Professor concerned over Niac delays with no decision on vaccine mixing made

ireland
Professor Concerned Over Niac Delays With No Decision On Vaccine Mixing Made
A Professor of Immunovirology has expressed concern at the pace with which the National Immunisation Advisory Committe (Niac) makes decisions.
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Vivienne Clarke

A Professor of Immunovirology has expressed concern at the pace with which the National Immunisation Advisory Committe (Niac) makes decisions, following its failure to rule on proposals to use mRNA vaccines as a second dose for people who received AstraZeneca for their first dose.

Professor Liam Fanning told Newstalk Breakfast that nine other countries were already mixing the vaccines which had been shown in clinical trials to be very effective.

There were “layers and personalities” involved, he said, and he did not understand why there had been a delay in making such a decision.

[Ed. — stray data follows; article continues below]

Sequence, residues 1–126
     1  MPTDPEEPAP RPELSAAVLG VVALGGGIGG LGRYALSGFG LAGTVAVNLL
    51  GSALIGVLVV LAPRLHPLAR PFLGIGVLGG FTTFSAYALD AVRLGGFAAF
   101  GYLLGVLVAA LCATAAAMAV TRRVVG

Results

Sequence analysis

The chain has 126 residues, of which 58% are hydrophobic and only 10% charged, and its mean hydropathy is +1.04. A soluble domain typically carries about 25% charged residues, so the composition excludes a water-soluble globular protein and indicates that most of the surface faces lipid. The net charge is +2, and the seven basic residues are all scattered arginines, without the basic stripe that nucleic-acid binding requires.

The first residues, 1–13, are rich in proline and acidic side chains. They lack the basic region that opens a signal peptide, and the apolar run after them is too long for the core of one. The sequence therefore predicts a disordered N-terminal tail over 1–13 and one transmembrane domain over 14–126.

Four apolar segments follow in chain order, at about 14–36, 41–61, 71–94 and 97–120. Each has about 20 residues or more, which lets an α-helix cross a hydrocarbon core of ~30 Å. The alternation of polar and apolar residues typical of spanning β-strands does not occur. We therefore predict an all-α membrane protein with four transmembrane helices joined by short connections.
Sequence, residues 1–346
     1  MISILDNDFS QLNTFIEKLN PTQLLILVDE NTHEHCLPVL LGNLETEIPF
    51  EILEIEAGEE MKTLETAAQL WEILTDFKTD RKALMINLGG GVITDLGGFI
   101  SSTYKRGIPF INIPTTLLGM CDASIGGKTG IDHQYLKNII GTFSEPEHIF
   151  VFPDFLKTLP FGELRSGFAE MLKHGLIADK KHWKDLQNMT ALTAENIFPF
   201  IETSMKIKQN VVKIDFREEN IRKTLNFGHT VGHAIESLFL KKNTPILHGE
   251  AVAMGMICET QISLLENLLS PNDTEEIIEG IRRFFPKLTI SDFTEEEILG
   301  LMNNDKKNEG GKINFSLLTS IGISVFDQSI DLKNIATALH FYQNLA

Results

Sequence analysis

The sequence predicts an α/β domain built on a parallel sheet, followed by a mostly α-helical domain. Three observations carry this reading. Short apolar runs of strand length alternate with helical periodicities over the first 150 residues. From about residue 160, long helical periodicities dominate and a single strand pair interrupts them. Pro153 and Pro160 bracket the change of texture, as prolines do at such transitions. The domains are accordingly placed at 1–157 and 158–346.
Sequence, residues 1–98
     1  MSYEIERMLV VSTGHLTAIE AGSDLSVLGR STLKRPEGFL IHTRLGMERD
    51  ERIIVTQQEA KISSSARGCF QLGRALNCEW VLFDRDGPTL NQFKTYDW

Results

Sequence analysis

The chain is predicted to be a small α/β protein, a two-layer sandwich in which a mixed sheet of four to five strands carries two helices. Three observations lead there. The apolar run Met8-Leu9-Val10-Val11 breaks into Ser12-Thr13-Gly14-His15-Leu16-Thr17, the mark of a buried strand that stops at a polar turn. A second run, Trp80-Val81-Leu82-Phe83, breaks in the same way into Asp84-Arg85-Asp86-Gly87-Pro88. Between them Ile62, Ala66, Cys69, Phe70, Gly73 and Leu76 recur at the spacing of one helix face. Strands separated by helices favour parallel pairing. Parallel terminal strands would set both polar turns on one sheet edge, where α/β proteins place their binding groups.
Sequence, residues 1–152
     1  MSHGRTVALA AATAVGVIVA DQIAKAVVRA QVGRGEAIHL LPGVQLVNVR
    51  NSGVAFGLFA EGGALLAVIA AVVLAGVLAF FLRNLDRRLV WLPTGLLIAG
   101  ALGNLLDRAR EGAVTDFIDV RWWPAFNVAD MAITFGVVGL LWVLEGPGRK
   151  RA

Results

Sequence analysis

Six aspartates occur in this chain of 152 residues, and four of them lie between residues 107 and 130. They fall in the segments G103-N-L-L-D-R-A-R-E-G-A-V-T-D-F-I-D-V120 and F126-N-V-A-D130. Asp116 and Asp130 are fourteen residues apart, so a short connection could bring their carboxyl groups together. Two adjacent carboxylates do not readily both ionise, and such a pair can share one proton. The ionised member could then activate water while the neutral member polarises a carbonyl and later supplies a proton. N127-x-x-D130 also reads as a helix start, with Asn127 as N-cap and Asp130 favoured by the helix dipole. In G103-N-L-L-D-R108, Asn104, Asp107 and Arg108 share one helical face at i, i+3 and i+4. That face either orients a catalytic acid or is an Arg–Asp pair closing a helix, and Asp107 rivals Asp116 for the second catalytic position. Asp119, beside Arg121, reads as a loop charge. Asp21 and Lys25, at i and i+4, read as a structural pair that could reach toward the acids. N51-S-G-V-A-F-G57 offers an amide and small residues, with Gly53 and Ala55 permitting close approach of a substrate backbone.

Prof Fanning said he was particularly concerned about people aged 60 to 69 who had yet to receive their second dose of the AstraZeneca vaccine.

Pfizer

They should be given the Pfizer vaccine as their second dose ahead of people in other age cohorts, he said. This large group was still very vulnerable, and they needed two shots to be fully vaccinated.

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“Triage those who are most vulnerable. They need to be vaccinated immediately. That has to be the focus.”

The next group who should be prioritised should be the group who were most socially active, he said. Those under the age of 40.

Prof Fanning also said that he anticipated that the easing of restrictions for indoor facilities was likely to be deferred, and he understood why as ventilation and air movement indoors was very difficult to monitor.

'Abundance of caution'

Given the “abundance of caution” approach that had been adopted by the National Public Health Emergency Team (Nphet) to date, he said “that’s where we’re heading”.

Prof Fanning said he was sympathetic to the Government’s position.

When asked about suggestions that facilities could reopen to people who had been vaccinated, he asked how the situation could be policed. As a society the Irish were “adept at bending regulations and rules”, so he did not think that proposal would work.

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